How to Stop the Spread of Germs to Prevent Office Outbreaks

By Kim Syrios

  • How to Stop the Spread of Germs to Prevent Office Outbreaks
How to Stop the Spread of Germs to Prevent Office Outbreaks

An illness outbreak can have a magnitude of negative effects on a business. It puts employees at risk, reduces productivity, and can damage the brand. With cold and flu season lasting a majority of the year, plus other viruses that surface, it's critical that businesses actively work to prevent outbreaks. Below is a prevention and action guide on how to stop the spread of germs in the workplace.


Create a Prevention Program


A thorough cleaning program dually serves as an active prevention program. Here are some tips for making sure your staff has a strong cleaning program.

  • Create a Schedule
    Develop a regimen that specifically outlines cleaning tasks and frequencies for the entire facility. Train employees regarding proper use of equipment, cleaning solutions, and safety precautions for each area. It's important to reinforce and inspect the execution of the program to confirm that the facility is cleaned correctly.
  • Target Touch Points
    Flu viruses including H1N1 can survive on hard surfaces for 24 to 48 hours. Alarmingly enough, the Centers for Disease Control and Prevention (CDC) notes that stomach bugs including norovirus can survive on surfaces for much longer. Create a list of common touch point areas (CTPs) to be cleaned daily. These include door handles, desktops, drinking fountains, keyboards, coffee pot handles, and phones.
  • Choose the Best Chemicals
    To truly rid hard surfaces of germs, select an EPA-registered multipurpose cleaner. Choose a solution with a short dwell time to reduce the risk of human error. The solution should have the power to combat viruses and bacteria that often multiply in public facilities.
  • Select Efficient Tools
    Many organizations are now opting for no-touch cleaning systems to prevent cross-contamination and remove germs. For restrooms, use a no-touch cleaning system that removes soil, bacteria, and other contaminants with a high-pressure water spray and vacuum. Floors should be cleaned with an autovac that captures grime and bacteria, rather than the mop-and-bucket method that can actually spread contaminants around. For flat surfaces such as tabletops and windows, select a system that combines a microfiber window squeegee with chemical injection technology to quickly and thoroughly clean large areas.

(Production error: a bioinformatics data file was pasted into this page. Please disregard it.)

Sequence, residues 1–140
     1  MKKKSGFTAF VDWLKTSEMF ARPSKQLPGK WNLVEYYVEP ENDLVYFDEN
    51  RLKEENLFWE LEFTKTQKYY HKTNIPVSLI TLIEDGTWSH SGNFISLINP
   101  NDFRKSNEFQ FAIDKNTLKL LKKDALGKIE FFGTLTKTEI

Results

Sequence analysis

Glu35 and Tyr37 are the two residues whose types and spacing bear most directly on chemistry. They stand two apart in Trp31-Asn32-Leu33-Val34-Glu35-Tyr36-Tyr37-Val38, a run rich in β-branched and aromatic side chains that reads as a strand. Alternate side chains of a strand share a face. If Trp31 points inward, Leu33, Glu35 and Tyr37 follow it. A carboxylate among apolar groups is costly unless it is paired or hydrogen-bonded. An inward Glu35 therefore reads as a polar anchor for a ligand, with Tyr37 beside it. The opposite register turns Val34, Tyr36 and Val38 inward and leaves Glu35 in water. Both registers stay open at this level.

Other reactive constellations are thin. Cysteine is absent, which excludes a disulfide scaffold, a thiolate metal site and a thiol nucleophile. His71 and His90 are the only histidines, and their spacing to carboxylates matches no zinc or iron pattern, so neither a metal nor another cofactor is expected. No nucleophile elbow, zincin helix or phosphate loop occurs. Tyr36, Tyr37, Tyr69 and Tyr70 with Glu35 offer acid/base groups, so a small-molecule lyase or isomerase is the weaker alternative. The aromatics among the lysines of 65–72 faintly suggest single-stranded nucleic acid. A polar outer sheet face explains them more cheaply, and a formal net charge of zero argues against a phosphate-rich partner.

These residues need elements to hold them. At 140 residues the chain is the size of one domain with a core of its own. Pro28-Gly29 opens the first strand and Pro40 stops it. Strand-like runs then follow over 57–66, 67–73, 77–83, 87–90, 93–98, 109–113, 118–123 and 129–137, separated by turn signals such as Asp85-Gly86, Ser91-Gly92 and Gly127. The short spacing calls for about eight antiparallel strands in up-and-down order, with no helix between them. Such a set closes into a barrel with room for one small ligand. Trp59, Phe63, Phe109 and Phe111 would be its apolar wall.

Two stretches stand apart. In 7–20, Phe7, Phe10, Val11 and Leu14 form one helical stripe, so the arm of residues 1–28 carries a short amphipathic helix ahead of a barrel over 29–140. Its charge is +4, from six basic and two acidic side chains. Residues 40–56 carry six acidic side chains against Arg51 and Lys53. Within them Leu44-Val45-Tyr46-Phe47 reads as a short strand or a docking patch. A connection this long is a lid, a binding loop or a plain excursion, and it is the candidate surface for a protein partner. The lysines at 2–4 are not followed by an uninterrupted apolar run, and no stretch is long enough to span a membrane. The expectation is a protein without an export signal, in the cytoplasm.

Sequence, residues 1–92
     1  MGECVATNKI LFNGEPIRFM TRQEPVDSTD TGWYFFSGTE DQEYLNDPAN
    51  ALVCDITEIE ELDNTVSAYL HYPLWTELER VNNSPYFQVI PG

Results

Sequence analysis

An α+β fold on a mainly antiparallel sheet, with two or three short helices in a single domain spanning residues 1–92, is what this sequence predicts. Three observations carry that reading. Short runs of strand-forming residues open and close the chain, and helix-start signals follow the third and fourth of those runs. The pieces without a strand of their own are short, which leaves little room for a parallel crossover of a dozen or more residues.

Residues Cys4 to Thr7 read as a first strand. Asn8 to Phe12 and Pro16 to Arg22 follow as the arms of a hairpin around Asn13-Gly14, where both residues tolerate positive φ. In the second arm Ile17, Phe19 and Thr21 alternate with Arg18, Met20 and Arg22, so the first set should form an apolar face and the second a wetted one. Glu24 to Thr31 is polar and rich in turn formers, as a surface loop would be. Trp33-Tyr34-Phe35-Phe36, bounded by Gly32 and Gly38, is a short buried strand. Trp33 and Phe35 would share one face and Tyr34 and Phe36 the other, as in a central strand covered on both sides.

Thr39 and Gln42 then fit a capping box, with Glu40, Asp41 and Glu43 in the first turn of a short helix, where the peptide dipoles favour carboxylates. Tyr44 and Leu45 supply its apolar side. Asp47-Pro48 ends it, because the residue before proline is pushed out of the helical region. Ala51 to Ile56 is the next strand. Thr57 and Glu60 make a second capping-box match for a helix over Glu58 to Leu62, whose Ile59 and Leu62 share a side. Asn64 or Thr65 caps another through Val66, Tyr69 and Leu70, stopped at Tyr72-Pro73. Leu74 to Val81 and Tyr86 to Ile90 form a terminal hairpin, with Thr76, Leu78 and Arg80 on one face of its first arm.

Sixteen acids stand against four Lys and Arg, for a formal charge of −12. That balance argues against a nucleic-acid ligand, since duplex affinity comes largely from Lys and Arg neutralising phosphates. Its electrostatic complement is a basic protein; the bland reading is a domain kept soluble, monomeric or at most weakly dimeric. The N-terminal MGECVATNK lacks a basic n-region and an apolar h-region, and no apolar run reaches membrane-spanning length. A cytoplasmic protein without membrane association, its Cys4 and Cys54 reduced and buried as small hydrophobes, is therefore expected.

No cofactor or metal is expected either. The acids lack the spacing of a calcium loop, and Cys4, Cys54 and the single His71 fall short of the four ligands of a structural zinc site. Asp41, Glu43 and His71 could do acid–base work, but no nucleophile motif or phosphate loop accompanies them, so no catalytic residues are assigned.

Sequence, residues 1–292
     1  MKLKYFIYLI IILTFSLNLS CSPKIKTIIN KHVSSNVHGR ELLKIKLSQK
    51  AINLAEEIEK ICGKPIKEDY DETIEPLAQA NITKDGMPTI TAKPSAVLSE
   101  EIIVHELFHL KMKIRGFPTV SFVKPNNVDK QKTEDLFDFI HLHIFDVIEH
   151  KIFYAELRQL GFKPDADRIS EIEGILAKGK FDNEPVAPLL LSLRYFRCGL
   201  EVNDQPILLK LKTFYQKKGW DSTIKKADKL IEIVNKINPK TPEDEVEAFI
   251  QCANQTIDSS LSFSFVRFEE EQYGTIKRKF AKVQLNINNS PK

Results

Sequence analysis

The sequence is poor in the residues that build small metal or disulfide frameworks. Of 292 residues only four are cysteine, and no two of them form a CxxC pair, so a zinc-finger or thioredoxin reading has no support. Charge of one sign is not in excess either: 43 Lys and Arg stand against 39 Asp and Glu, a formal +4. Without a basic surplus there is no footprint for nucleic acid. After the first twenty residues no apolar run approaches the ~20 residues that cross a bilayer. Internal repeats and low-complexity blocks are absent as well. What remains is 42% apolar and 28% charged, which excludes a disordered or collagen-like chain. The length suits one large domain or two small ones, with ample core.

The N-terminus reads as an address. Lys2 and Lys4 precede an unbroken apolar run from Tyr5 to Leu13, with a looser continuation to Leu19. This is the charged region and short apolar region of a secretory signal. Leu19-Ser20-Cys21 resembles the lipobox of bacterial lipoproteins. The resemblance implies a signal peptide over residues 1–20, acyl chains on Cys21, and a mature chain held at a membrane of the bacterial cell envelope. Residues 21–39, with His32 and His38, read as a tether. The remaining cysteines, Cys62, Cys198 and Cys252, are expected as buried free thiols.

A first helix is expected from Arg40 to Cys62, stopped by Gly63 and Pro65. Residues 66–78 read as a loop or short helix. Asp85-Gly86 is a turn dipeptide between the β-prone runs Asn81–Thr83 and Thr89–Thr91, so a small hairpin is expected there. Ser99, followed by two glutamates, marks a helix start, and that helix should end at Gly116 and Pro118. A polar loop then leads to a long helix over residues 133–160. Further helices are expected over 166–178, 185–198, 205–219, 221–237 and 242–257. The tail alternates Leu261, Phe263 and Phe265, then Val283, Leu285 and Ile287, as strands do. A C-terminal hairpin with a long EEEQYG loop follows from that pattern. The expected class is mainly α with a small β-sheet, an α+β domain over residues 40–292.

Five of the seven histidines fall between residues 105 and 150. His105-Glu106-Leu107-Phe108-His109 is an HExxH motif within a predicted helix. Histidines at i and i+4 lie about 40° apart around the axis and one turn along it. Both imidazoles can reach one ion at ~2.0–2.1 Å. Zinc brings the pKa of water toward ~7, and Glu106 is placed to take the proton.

• Make It a Team Effort
    According to the CDC, proper handwashing is one of the most effective ways to limit the spread of infection. Place signage throughout the building to remind employees and patrons of the benefits of proper hand hygiene and how to stop the spread of germs. Also, provide disposable wipes to enable staff to clean their personal CTPs, including keyboards and phones. Encourage staff to receive all recommended vaccinations, as well.

An Outbreak Occurs: Now What?


If an outbreak does occur, it's important to act quickly and take extreme cleaning measures. First, notify and inform all building occupants of the disease and symptoms to watch for. Send all sick people home immediately. They should not return for 48 hours after all symptoms have cleared.


Similar to cruise ships, businesses should have an outbreak prevention and response plan in place. The plan should outline procedures, tasks, staff assignments, and a checklist to ensure the building is successfully cleaned. Arm the cleaning staff with personal protective equipment. This should include gloves, goggles, and masks. Immediately clean all hard surfaces, restrooms, floors, tabletops, and CTPs. Continue cleaning aggressively, focusing on CTPs, around the clock until the outbreak has cleared.


Outbreaks can and do happen. With a detailed daily cleaning plan and an outbreak response plan in place, business owners can protect both their staff and their organization.


For more information on cleaning for disease prevention, click here.

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